The crab-eating mongoose (Herpestes urva) is a mongoose species ranging from the northeastern Indian subcontinent to Southeast Asia, southern China and Taiwan. It is listed as Near Threatened by IUCN.
It is generally grey in color, with a broad white stripe on its neck extending from its cheeks to its chest. Its throat is steel-gray with white ends of its hair, rendering a salt and pepper appearance. Its hind feet possess hairy soles. Its tail is short and homogeneously colored with a fairer tip.
The body length of crab-eating mongoose is 36–52 cm (14–20 in) and body weight 1–2.3 kg (2.2–5.1 lb).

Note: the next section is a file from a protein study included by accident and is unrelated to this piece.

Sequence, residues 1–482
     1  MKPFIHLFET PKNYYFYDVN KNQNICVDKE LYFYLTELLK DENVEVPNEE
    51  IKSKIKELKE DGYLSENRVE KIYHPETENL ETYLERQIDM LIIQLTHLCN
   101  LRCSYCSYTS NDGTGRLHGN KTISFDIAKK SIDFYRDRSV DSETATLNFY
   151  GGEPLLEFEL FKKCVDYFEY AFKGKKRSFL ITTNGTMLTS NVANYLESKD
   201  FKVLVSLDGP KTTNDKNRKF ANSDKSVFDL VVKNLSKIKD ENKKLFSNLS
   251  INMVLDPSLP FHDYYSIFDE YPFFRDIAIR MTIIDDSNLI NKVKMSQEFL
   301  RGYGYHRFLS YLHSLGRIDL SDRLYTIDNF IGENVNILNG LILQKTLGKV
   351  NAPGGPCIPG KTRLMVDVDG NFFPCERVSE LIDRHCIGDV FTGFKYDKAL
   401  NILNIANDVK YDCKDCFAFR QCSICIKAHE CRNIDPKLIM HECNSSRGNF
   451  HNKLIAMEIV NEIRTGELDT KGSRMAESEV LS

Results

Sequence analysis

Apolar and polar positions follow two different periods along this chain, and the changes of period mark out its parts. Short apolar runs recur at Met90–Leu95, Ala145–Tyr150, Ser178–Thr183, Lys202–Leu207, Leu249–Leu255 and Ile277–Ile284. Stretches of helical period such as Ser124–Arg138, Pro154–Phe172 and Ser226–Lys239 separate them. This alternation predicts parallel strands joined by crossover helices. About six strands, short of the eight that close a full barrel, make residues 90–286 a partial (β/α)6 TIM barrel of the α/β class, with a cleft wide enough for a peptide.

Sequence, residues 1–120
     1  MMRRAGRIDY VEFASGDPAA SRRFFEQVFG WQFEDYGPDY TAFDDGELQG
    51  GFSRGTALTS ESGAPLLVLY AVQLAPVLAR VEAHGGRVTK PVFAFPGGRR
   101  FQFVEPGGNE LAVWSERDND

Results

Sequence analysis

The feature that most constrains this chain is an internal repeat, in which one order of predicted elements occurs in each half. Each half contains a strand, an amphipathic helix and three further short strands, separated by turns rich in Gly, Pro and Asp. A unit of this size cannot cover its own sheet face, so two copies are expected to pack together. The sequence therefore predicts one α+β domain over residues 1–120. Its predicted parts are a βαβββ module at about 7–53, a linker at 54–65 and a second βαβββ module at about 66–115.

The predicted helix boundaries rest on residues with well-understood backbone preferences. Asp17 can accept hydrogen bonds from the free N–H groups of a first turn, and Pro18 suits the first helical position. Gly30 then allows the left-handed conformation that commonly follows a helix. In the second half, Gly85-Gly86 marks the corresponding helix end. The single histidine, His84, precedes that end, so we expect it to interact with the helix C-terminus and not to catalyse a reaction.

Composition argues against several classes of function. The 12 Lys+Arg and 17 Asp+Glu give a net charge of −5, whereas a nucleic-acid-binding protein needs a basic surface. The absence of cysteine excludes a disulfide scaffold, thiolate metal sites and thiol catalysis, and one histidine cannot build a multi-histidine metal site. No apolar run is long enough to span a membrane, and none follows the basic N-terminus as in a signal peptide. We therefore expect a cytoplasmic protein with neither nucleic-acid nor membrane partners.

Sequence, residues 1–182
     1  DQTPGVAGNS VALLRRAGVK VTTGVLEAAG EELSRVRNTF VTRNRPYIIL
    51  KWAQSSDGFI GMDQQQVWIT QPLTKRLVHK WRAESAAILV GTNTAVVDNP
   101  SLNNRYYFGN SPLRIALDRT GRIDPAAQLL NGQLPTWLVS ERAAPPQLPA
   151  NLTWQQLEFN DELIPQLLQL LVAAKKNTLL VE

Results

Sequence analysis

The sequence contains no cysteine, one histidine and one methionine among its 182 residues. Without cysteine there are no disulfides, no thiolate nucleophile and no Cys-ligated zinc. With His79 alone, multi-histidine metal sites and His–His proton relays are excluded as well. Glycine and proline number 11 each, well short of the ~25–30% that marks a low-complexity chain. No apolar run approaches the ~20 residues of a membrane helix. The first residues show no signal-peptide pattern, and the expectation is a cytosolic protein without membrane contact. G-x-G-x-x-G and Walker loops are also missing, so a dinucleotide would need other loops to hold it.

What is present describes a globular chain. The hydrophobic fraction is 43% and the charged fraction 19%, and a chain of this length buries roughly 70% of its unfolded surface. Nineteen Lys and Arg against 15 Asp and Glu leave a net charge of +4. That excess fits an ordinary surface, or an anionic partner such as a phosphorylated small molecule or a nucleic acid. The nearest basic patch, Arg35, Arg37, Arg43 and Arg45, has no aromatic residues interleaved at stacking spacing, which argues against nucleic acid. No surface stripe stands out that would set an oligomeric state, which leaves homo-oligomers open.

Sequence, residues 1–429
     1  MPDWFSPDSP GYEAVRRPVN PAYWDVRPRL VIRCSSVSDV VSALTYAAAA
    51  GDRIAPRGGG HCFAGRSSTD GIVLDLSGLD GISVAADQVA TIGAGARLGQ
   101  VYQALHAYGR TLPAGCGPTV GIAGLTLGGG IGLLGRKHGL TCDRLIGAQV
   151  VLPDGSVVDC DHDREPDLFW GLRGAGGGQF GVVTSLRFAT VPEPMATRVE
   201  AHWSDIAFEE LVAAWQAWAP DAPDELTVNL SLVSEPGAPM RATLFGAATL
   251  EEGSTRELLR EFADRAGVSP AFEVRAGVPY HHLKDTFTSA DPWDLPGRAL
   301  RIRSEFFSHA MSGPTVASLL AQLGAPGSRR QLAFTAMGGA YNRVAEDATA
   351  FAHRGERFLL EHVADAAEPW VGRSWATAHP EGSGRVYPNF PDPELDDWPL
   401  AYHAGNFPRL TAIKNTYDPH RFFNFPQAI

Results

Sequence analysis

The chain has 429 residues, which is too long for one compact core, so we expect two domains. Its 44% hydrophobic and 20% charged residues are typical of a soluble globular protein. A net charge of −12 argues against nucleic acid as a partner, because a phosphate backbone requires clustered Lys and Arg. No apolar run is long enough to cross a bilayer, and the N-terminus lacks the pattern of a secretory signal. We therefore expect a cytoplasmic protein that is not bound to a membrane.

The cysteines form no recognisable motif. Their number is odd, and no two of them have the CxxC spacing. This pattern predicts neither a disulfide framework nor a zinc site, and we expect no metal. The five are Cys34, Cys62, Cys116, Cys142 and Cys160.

Distribution and habitat
Crab-eating mongooses are common in Vietnam, Laos, Cambodia, Thailand, Peninsular Malaysia, northern Myanmar and northeastern India. They are rare in Bangladesh. In Nepal, they occur in the lower and central hilly regions.
Ecology and behaviour
Crab-eating mongooses are usually active in the mornings and evenings, and were observed in groups of up to four individuals. They are supposed to be good swimmers, and hunt along the banks of streams and close to water.
Despite their common name, their diet consists not only of crabs, but also just about anything else they can catch, including fish, snails, frogs, rodents, birds, reptiles, and insects.
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